2. capacity building and business development support to the women.150 per day. However. 85% of the poorest clients served by microfinance are women. Making the Choupal Fresh stores available to the vendors. to design user-friendly pushcarts that can reduce the physical burden. Taking lessons from the pharmaceutical and telecom sector to identify technologies that can save energy and ensure temperature control in push carts in order to maintain quality of the vegetables throughout the day. Attracting the right talent proves difficult because candidates must have. this avoids the hassle of bargaining and unreliability at the traditional mandis (local vegetable markets). women make up less than half of all microfinance staff members. a mindset that fits with the organization’s mission. while women are single there might be a greater willingness on the part of 54 . 4.. a pioneer in the field of design education and research.Rs. HR Issues Recruitment and retention is the major challenge faced by MFIs as they strive to reach more clients and expand their geographical scope. This has positive implications for quality of the produce sold to the end consumer. 3. For instance. augmenting incomes and reducing energy usage across the value chain. Many mainstream commercial banks are now entering microfinance. it has forged a partnership with National Institute of Design (NID). as a prerequisite.000/. ITC provides support through supply chain innovations by: 1.30-40 per day to an average of Rs. who are poaching staff from MFIs and MFIs are unable to retain them for other job opportunities. The women are able to replenish the stock from the stores as many times in the day as required. From an environmental point of view. Continuously experimenting to increase efficiency. for example. and fill even fewer of the senior management roles.10. The model augments the incomes of the vendors from around Rs. push carts are much more energy efficient as opposed to fixed format retail outlets. The challenge in most countries stems from cultural notions of women’s roles.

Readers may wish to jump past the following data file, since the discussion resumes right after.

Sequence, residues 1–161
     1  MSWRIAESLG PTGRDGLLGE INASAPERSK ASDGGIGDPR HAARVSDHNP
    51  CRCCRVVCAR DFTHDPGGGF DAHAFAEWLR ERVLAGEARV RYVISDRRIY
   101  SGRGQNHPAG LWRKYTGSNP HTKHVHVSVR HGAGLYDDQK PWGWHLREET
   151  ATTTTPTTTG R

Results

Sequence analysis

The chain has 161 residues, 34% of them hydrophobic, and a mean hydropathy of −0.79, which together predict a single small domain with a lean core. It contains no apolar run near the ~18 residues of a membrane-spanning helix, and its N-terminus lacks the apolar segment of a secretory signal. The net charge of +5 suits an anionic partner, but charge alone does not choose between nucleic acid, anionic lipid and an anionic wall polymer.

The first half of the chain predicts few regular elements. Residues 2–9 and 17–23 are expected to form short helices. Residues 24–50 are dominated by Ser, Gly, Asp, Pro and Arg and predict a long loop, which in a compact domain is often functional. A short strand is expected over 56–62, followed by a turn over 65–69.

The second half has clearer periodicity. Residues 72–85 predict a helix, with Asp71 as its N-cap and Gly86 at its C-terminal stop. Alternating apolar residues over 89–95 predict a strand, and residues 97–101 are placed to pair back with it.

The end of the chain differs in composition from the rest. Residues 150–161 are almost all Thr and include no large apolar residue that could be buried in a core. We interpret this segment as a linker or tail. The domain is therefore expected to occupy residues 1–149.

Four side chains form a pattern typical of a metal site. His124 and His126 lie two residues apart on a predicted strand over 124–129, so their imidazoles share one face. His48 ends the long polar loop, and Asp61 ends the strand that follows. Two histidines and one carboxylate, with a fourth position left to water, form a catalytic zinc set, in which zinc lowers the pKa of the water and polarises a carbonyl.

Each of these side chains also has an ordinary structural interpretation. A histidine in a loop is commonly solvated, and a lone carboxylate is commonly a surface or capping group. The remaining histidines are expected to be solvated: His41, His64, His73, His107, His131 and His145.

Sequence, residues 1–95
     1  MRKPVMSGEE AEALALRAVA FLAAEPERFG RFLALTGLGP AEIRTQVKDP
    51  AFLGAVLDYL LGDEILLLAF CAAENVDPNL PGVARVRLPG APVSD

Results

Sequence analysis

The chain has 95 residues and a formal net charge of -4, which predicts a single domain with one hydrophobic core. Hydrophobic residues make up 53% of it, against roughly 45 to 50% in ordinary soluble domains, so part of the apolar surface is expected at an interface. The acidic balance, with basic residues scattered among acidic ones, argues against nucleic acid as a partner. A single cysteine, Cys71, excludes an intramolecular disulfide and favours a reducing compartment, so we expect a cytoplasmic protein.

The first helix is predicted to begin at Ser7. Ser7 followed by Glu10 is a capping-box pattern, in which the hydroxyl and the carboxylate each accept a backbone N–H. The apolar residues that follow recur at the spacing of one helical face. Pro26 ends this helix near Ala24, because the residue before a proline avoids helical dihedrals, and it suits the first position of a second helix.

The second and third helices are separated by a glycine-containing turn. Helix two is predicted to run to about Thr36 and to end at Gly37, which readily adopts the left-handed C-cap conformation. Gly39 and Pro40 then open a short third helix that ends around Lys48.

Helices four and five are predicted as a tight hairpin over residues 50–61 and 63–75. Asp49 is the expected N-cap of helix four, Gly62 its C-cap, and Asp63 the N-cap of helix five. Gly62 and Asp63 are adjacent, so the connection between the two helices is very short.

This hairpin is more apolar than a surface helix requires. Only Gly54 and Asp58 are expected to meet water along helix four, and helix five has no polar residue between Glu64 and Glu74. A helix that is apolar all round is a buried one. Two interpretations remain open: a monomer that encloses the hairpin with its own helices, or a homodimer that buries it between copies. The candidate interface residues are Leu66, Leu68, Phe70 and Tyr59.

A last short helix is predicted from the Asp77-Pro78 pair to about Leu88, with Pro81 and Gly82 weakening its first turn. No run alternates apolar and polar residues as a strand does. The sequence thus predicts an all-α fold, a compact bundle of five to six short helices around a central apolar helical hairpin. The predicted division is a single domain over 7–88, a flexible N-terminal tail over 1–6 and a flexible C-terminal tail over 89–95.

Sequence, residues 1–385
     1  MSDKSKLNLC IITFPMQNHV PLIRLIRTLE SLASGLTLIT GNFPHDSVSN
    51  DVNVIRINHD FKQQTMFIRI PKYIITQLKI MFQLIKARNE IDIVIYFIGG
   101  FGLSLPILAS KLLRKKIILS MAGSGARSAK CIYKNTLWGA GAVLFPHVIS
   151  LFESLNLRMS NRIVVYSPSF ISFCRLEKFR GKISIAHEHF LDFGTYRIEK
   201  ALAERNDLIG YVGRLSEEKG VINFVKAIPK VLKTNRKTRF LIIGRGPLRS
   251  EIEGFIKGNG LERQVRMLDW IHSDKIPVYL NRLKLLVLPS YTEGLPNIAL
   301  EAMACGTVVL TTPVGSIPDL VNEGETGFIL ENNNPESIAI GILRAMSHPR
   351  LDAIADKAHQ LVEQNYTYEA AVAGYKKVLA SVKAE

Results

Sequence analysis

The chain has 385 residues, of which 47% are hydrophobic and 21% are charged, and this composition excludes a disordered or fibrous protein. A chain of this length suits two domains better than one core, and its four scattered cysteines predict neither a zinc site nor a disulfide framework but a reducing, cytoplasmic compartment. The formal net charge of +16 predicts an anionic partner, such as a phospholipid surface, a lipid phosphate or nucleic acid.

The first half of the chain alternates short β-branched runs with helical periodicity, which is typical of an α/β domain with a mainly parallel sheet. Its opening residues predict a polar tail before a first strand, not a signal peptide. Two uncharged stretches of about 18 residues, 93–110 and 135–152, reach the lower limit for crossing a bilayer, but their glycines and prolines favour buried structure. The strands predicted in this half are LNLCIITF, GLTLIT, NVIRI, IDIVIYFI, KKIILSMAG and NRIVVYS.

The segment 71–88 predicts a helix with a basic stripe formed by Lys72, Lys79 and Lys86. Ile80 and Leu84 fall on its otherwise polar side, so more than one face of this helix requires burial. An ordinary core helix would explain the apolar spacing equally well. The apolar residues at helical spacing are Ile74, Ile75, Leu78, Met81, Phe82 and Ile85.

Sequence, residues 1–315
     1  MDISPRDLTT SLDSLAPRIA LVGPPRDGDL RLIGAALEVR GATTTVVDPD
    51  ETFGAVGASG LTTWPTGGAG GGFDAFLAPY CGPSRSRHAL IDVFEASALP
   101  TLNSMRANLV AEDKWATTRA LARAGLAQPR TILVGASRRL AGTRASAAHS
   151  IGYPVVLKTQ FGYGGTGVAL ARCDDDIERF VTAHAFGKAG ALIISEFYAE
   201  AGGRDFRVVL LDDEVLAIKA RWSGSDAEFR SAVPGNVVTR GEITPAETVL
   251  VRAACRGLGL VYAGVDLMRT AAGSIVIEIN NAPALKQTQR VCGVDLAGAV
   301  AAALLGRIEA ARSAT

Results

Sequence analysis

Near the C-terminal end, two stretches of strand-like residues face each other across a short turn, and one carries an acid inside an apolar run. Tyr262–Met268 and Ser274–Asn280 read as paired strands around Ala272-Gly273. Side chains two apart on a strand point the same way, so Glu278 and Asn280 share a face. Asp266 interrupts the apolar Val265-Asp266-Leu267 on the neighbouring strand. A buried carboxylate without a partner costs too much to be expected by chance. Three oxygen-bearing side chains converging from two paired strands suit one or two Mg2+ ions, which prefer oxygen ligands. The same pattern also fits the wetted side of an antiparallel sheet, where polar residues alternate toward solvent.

We have to somehow get people . it becomes unacceptable.without having to sit down at a table . Long distances and long hours away from the family are difficult for women to accommodate and for their families to understand. there is not sufficient understanding of the drivers of default and credit risk at the level of the individual. understand what insurance is.women’s families to let them work as front line staff. 5. and preferably one that has been engaged in financial transactions so that they have controls for managing cash and the ability to track different individuals. but as soon as they marry and certainly once they start having children. This has constrained the development of individual models of micro finance. Micro insurance companies offer minimal products and do not want to go forward and offer complex products that may respond better. there is strong need to enhance delivery channels. there is a need for market education. We have to counter that. people are willing to engage with them. The group lending models are contingent on the availability of skilled resources for group promotion and entail a gestation period of six months to one year. and why it benefits them. However. These delivery channels have been relatively weak so far. Micro insurance First big issue in the micro insurance sector is developing products that really respond to the needs of clients and in a way that is commercially viable. Micro insurance needs a delivery channel that has easy access to the low-income market. That will help to demystify micro insurance so that when agents come. Adverse selection and moral hazard The joint liability mechanism has been relied upon to overcome the twin issues of adverse selection and moral hazard. Secondly. The group model was an innovation to overcome the 55 . People either have no information about micro insurance or they have a negative attitude towards it. Thirdly.